Following on from the Edinburgh ESA-BNSC workshop, some of those of us who were invited to Edinburgh as representatives of the public have set up an online discussion forum specifically for European citizens to discuss the activities and direction of Europe in space. This is being done with the approval of ESA.
Stephen Oman, from the Republic of Ireland, wrote to the other competition entrants: "After the conclusion of the competition, I was amazed to discover that no forum existed for European citizens to meet and discuss their ideas and views on our participation in space exploration. It seemed to me that this exciting adventure, which inspired me as a child, is happening without anyone really taking notice. Therefore, I invite you to continue this interest, sharing of ideas, debate on European space exploration goals and celebration of our achievements."
The discussion group is called Europe In Space.
The group is open to all interested in the European exploration of space. My own view is that the group should focus on the specific activity of debating and voting on resolutions. We should carry out online discussions of key space questions as they affect ESA: should ESA develop a reusable spaceplane or something like the Russian Kliper/Soyuz for ISS access? should ESA prioritise Mars exploration or solar power from space? Contributions could be circulated by e-mail and displayed on a website, and after a month or two we would take a vote. If this leads to a clear resolution, we can then go to ESA (and the media) and say, look, the European space-aware public wants ESA to do such-and-such.
The model I have in mind is the European Interparliamentary Space Conference. Tim De Bondt described at Edinburgh how the EISC passes resolutions, and said that although these had no legal power, they were recognised as very influential. The space-aware European public should now do the same.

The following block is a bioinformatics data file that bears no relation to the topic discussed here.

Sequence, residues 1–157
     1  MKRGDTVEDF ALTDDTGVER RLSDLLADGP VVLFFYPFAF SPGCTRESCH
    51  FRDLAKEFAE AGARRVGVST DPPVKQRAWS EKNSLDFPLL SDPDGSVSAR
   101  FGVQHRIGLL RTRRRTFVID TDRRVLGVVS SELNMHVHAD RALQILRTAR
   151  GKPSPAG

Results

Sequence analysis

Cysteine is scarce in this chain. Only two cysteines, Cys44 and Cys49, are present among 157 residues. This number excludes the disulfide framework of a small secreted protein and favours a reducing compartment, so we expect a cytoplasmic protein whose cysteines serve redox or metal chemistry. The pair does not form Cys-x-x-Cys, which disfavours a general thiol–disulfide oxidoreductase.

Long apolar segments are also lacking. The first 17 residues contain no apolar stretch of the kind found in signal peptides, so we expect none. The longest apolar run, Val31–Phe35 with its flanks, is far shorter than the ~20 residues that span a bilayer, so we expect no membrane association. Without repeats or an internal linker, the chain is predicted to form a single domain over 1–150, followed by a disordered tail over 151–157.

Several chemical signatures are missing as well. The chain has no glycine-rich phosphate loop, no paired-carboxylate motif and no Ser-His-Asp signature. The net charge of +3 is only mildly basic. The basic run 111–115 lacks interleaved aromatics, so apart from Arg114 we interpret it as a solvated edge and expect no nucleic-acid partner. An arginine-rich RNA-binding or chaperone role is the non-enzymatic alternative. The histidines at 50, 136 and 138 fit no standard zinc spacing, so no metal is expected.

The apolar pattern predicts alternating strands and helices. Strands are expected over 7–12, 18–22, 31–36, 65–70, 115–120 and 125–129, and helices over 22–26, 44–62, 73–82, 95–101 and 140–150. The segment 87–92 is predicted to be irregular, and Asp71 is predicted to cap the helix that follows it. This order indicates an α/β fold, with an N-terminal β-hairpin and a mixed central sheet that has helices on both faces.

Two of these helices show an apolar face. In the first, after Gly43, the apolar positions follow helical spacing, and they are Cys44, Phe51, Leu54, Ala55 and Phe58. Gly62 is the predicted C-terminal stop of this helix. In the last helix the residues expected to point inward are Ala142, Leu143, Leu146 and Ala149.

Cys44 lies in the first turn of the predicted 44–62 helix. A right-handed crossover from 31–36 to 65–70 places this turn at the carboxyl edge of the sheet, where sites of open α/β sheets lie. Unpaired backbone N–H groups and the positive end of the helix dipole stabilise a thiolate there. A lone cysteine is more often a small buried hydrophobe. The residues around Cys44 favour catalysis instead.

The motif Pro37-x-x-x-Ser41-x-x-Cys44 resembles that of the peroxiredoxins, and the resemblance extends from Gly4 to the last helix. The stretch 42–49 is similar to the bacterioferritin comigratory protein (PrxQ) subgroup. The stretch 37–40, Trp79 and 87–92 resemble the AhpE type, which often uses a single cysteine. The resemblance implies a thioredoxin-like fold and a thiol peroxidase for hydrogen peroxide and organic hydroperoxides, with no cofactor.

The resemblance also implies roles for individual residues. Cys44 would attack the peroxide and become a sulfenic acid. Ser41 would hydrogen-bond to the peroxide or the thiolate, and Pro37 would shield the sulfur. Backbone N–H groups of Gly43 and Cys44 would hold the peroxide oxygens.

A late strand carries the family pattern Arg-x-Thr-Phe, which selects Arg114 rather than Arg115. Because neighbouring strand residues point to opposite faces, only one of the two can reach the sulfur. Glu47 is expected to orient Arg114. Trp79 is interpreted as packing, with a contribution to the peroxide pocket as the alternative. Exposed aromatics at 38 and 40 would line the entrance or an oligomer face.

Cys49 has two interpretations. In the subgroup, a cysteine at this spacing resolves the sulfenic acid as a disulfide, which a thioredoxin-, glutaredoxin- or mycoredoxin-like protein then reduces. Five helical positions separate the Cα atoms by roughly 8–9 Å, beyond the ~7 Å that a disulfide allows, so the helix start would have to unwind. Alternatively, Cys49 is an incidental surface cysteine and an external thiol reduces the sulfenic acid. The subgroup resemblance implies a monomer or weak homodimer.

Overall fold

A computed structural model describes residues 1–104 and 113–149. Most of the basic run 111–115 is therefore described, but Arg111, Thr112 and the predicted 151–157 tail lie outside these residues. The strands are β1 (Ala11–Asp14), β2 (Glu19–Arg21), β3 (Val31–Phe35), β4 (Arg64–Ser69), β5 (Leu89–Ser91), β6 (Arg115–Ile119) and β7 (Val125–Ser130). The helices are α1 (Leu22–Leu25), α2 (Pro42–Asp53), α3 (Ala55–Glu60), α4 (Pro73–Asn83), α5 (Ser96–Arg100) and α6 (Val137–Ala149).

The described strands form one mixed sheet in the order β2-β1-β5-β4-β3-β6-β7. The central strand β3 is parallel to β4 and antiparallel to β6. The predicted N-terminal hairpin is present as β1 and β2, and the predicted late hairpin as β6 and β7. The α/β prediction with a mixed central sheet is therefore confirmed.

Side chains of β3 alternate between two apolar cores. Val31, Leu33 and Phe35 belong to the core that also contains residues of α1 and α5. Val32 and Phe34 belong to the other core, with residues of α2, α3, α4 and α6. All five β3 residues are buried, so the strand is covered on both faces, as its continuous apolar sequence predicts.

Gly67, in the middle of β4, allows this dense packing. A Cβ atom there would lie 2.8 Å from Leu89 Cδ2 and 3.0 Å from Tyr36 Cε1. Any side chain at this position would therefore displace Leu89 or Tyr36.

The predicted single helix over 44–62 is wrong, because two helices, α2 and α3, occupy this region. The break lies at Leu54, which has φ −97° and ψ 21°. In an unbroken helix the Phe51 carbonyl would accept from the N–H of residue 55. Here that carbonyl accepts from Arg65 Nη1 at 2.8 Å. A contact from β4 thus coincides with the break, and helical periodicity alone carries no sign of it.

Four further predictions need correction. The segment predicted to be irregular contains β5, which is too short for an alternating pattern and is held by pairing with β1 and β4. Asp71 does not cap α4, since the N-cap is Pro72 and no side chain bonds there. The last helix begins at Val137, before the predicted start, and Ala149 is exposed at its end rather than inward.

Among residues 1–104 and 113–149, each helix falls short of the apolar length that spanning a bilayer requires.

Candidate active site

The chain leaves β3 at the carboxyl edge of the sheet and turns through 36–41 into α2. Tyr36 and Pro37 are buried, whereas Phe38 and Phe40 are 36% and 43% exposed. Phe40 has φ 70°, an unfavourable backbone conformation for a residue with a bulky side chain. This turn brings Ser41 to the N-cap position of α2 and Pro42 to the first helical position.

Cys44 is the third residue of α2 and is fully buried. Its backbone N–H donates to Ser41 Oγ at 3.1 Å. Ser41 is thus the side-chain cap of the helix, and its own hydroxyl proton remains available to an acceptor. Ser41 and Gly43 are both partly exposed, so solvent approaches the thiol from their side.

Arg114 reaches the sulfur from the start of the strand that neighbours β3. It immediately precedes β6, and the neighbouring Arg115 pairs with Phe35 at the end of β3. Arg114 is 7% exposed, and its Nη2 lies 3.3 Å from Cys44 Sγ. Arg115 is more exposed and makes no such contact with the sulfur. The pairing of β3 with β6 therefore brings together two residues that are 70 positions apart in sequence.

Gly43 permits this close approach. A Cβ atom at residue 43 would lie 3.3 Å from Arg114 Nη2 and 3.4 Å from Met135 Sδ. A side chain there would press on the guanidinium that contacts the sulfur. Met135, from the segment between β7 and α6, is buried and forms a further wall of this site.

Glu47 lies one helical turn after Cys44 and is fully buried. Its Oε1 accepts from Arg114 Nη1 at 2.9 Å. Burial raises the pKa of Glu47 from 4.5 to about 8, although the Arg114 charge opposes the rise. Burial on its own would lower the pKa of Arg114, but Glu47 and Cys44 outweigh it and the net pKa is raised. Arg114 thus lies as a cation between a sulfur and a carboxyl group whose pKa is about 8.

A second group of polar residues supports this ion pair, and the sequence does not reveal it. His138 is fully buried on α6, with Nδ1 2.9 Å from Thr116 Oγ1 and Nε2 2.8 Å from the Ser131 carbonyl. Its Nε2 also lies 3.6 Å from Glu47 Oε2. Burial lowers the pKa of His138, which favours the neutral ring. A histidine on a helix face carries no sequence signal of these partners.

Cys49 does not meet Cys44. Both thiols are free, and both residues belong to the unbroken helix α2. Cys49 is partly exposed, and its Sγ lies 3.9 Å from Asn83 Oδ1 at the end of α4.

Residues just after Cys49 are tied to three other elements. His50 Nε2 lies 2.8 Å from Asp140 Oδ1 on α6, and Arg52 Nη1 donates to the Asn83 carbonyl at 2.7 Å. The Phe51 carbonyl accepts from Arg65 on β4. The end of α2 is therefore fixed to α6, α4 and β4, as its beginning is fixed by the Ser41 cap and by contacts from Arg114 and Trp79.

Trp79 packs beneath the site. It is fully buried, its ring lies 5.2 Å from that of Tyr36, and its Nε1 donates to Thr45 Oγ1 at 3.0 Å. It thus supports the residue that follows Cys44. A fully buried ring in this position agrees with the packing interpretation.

If this leads to ESA being asked some hard questions about what it is doing, then so much the better.
On 27 June, prime mininster Tony Blair is due to step down after ten years in office.
Let us never forget the inspiring words with which he began his prime ministership, in his speech addressed to the Labour Party Conference in Brighton on 30 September 1997 -- words which have presumably by now been engraved in stone over the front door of the BNSC (?):
The British don't fear change. We are one of the great innovative peoples. From the Magna Carta to the first Parliament to the industrial revolution to an empire that covered the world. Most of the great inventions of modern times with Britain stamped on them: the telephone; the television; the computer; penicillin; the hovercraft; radar. Change is in the blood and bones of the British. We are by our nature and tradition innovators, adventurers, pioneers.
Judging by Mr Blair's subsequent level of interest in Britain in space, as he spoke he was clearly privately thinking: "... and this must never be allowed to happen again!"
It is now possible to petition the British prime minister online.
Signatories are asked to provide their name, e-mail address and full postal address.
The petition "We the undersigned petition the prime minister to ... Create a British Space Agency" has attracted 365 signatures, to which should presumably be added the 58 signatures to the petition to "Create a Royal Space Centre" and the 182 signatures to "Properly fund a UK National Space Programme to inspire our young people".